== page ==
Reduce VAT on moisturisers, sun creams & extend product list available on medical card & DPS

Eczema in adults is more than an uncomfortable, itchy disease. It’s can also be a serious financial burden for the estimated 1 in 12 of Irish adults who have the most common form of the condition, atopic dermatitis.

Medical cards don’t cover the full spectrum of treatments for eczema.  While aqueous cream (a soap substitute), emulsifying ointment and Silcock’s base (moisturisers), steroid creams and ointments are covered on the medical card, no other products are covered by either a medical card  or the drug payment scheme (DPS).

Cost of treatments leads to under-use

This leaves people with eczema with a very limited range of products to choose from and excludes a wide variety of other treatments which, for one reason or another, may suit an individual better.  The high cost of treatments also leads to under use as patients and carers use expensive products sparingly.

If you don’t have a medical card and buy your treatments through the DPS, some steroids creams and ointments can be extremely expensive and, if you have a bad eczema flare for instance, you may be using quite a lot of cream or ointment on large parts of your body twice a day.

Temptation to use steroids because they are cheaper than moisturisers 
This is a particular issue when it comes to emollients (medical moisturisers) used to treat eczema that may need to be applied several times each day. Only the limited standard product range is covered by the medical card or DPS and these do not suit all patients.  If patients give up using a standard emollient because it doesn’t work or doesn’t suit them, they often find that they can’t afford to try other or branded products.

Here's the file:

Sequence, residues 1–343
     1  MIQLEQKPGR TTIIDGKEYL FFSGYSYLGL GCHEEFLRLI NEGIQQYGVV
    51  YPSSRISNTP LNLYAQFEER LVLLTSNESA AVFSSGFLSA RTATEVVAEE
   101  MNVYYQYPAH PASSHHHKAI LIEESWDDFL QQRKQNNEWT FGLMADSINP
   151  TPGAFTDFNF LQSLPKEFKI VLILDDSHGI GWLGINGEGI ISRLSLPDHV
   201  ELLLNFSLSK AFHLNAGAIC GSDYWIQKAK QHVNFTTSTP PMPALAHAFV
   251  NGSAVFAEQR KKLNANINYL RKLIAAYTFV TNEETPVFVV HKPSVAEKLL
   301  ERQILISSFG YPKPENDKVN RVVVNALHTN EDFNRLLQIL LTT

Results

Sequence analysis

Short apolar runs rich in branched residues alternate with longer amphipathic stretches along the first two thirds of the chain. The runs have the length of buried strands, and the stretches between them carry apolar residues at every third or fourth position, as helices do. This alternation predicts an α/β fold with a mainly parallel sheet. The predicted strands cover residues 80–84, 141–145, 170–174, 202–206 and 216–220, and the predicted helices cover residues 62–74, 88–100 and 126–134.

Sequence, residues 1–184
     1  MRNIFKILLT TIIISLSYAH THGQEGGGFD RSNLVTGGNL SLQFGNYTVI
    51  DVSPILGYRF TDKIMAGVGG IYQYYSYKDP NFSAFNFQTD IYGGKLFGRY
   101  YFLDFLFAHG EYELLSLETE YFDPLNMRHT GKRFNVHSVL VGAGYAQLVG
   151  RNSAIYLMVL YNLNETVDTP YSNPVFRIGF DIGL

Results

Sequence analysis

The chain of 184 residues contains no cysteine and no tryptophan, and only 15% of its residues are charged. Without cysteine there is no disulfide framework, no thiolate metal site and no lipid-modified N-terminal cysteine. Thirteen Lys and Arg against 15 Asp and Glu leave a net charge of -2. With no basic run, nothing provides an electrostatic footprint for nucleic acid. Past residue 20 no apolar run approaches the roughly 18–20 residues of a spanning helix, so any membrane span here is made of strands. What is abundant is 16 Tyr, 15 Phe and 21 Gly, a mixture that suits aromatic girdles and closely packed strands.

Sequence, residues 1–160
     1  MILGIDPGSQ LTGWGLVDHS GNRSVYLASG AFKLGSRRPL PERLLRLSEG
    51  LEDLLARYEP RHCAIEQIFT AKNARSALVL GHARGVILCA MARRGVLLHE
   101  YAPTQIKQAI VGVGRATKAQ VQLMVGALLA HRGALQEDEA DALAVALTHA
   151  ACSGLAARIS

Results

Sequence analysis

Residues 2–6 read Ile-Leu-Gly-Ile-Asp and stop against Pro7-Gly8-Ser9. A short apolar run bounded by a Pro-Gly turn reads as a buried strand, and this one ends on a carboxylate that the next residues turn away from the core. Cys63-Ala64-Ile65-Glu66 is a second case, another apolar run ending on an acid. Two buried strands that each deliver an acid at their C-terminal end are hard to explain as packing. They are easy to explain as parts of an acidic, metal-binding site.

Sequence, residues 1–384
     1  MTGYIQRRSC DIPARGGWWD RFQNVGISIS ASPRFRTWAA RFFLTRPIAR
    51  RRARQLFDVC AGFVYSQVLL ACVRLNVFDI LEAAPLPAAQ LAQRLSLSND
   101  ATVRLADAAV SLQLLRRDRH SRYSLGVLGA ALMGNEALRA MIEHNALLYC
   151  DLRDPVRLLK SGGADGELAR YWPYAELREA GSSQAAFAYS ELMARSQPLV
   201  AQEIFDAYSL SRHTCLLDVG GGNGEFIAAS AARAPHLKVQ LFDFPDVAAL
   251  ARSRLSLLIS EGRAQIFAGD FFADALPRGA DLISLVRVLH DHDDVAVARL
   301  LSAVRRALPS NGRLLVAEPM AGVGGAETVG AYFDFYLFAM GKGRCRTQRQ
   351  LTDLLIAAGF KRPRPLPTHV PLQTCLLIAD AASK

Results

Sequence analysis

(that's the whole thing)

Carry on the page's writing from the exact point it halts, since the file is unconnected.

Instead, if you have eczema, you may be tempted to use more steroid cream on their skin because it makes the skin feel better and is available on the medical card or DPS. This clearly exposes patients to the risks of steroid overuse.

Bandages, dressings and specialist clothing  
Added to this, neither the medical card nor the DPS cover the costs of bandages, dressings, wet wraps, special clothing or sun protection creams; all of these are subsidised in the U.K. and we need a similar measures in Ireland.

A JAMA Dermatology study of U.S. 62,000 adults earlier this year found that adults with eczema had higher out-of-pocket costs per person-year than adults without eczema (an average of $371 (€332) and $489 (€438) per person each year); comparable figures for Ireland are not yet available but eczema is clearly a costly condition to treat.

The study also found that adults with eczema were on average 53% more likely to miss at least six workdays due to illness, more than three times likely to  visit a physician 10 or more times a year, were 81 times more likely than eczema-free adults to have 10 or more urgent or emergency care visits annually 37% hospitalized.

The study concluded that adults with eczema were significantly more likely than those without eczema to be unable to afford either prescription medications or healthcare appointments due to cost concerns.

Starting From Scratch?
As part of the ISF eczema 2015 education campaign “Starting from Scratch”, the charity is asking the government and HSE to recognise patients’ out-of-pocket costs for treating eczema.

The ISF has called on the HSE to revise and expand the list of products, used to treat eczema, available with a Medical Card or compensated by the Drug Payment Scheme and to see a reduction of VAT rate for ointments, dressings, emollients and sun creams.

The ISF believes that a combination of factors (including the limited medical card/DPS list, VAT levels and higher operating costs in Ireland) makes dozens of products used to treat eczema, commonly available in the UK and EU, commercially uncompetitive in Ireland.  This limits patient choice, access to new products and can make living with a chronic skin disease even more difficult.


If you need guidance or support about managing a skin condition, contact the Irish Skin Foundation’s Ask-a-Nurse Helpline